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January 26, 2015 EDIT: Nevada and Tennessee are officially onboard, bringing the total number of plaintiff states to 26.
December 22, 2014 EDIT: As of today, Texas and 24 other states have announced that they are suing President Obama over his recent immigration policy changes. They further made it clear that their vendetta is one against immigrants themselves, and not just the President, by asking a federal judge to block implementation of the executive action until the lawsuit is resolved.
These Republicans know they have been one-upped by the President, who chose to act on immigration after they and their partisans in Congress chose to do nothing. But rather than stepping up and finally doing their jobs, they’re suing to prevent the President from doing his. And they’re pretty calculating about it too. Knowing that this program will be popular among Latino and non-Latino voters alike, they’re asking for the injunction. They figure that stopping the program before it starts will be less damaging to the GOP than taking work permits out of the hands of immigrants who earned them.
Except it’s the same thing.
These governors and state attorneys general claim that they are simply standing up to President Obama’s “tyranny.” But what Texas and these other states are doing is actively asking for the continuation of deportations and family separations as the nation’s daily immigration policy.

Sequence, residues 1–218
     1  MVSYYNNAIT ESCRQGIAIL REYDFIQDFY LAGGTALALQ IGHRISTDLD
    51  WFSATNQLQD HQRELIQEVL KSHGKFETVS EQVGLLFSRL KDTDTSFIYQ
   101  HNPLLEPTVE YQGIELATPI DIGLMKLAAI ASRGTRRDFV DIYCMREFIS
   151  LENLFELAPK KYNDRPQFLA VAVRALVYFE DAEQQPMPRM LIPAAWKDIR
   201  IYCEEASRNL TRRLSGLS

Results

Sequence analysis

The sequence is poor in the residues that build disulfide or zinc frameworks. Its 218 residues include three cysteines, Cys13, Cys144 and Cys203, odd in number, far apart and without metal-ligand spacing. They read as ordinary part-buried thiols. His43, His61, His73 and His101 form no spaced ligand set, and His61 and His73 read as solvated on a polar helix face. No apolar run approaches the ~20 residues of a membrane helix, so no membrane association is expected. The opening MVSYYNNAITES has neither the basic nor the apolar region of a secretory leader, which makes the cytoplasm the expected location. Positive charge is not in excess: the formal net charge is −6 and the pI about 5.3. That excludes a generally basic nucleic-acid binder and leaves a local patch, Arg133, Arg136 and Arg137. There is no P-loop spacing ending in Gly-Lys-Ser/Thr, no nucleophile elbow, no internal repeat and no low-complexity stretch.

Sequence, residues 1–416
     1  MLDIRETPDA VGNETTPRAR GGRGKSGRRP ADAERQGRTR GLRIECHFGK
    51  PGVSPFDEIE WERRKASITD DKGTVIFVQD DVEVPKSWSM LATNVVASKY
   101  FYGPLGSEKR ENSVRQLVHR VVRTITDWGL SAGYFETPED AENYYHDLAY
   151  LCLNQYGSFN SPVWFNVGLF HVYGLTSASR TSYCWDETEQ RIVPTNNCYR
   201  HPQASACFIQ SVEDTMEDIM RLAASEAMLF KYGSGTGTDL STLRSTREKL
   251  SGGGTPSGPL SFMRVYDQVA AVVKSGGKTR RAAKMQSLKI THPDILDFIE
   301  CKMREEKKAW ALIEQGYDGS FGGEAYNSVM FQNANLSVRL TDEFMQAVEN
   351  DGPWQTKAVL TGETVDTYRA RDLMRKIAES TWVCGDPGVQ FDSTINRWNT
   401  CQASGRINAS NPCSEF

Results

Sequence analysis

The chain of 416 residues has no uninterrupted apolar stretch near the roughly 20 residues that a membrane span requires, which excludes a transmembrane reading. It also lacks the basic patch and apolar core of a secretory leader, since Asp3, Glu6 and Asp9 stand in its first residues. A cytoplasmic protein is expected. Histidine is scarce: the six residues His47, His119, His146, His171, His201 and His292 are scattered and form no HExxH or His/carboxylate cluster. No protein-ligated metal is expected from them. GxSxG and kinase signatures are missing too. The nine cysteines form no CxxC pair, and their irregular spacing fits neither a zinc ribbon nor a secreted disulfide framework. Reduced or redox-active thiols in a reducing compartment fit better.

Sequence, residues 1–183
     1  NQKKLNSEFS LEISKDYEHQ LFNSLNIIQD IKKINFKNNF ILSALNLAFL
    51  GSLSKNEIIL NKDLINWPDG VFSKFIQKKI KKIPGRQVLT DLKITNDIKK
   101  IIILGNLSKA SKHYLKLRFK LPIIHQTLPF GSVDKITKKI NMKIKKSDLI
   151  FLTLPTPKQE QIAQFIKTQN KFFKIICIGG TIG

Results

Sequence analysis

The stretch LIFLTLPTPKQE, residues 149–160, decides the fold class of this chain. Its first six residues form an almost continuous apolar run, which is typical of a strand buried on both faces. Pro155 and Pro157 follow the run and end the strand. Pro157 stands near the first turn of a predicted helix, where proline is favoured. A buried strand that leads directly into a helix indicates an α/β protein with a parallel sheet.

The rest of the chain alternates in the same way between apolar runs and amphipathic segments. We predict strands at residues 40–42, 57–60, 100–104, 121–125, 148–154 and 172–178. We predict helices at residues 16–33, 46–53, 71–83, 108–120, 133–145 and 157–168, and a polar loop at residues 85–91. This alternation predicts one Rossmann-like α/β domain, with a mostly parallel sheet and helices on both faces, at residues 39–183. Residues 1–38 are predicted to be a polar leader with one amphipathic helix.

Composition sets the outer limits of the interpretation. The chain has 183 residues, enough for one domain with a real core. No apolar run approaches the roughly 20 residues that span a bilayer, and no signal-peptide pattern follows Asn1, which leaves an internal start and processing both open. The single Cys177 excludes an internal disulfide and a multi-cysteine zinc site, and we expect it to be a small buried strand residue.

The 26 states suing the Obama Administration are Alabama, Arizona, Arkansas, Florida, Georgia, Idaho, Indiana, Kansas, Louisiana, Maine, Michigan, Mississippi, Montana, Nebraska, Nevada North Carolina, South Carolina, North Dakota, Ohio, Oklahoma, South Dakota, Tennessee, Texas, Utah, West Virginia and Wisconsin.
A New York Times story quoting legal experts pointed out that the plaintiff states could have a hard time convincing a federal court that they could suffer specific harms as a result of executive action. The states are claiming that President Obama’s last executive action on immigration — 2012’s DACA announcement — led to an influx of young immigrants. But the states will have to prove that the minors were driven to migrate by DACA, when it’s clear to everyone else that these children were driven to flee by horrific crime and crushing poverty.
As Cristina Rodriguez, a professor of immigration and constitutional law at Yale Law School, told the NYT:
The injury the states are alleging seems a bit speculative. In many ways this is a political document. It feels more rhetorical than legal.
It might be particularly hard for the states to claim losses considering that studies have estimated that federal and state governments will see a net gain from executive action, to the tune of hundreds of millions of dollars a year in additional revenue as more immigrants recognized by the policy pay more in taxes, along with their employers.
The Center for American Progress even broke down these gains by state. Below is the estimated fiscal benefit of executive action for some of the plaintiff states, over five years:
Apparently, instead of enjoying this increase in tax revenue, these states would prefer to waste money on this ideological lawsuit attacking immigrants.